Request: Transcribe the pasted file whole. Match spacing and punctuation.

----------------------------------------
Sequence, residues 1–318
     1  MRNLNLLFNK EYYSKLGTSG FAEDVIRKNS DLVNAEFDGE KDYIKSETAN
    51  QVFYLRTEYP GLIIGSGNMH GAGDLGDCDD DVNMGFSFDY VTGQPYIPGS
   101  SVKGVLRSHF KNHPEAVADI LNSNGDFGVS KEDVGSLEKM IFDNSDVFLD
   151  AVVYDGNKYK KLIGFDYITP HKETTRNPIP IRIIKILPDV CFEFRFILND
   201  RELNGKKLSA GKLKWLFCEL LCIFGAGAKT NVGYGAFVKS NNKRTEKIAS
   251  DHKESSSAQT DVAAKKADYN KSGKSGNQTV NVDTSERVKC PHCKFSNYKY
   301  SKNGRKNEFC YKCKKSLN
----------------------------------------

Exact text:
Sequence, residues 1–318
     1  MRNLNLLFNK EYYSKLGTSG FAEDVIRKNS DLVNAEFDGE KDYIKSETAN
    51  QVFYLRTEYP GLIIGSGNMH GAGDLGDCDD DVNMGFSFDY VTGQPYIPGS
   101  SVKGVLRSHF KNHPEAVADI LNSNGDFGVS KEDVGSLEKM IFDNSDVFLD
   151  AVVYDGNKYK KLIGFDYITP HKETTRNPIP IRIIKILPDV CFEFRFILND
   201  RELNGKKLSA GKLKWLFCEL LCIFGAGAKT NVGYGAFVKS NNKRTEKIAS
   251  DHKESSSAQT DVAAKKADYN KSGKSGNQTV NVDTSERVKC PHCKFSNYKY
   301  SKNGRKNEFC YKCKKSLN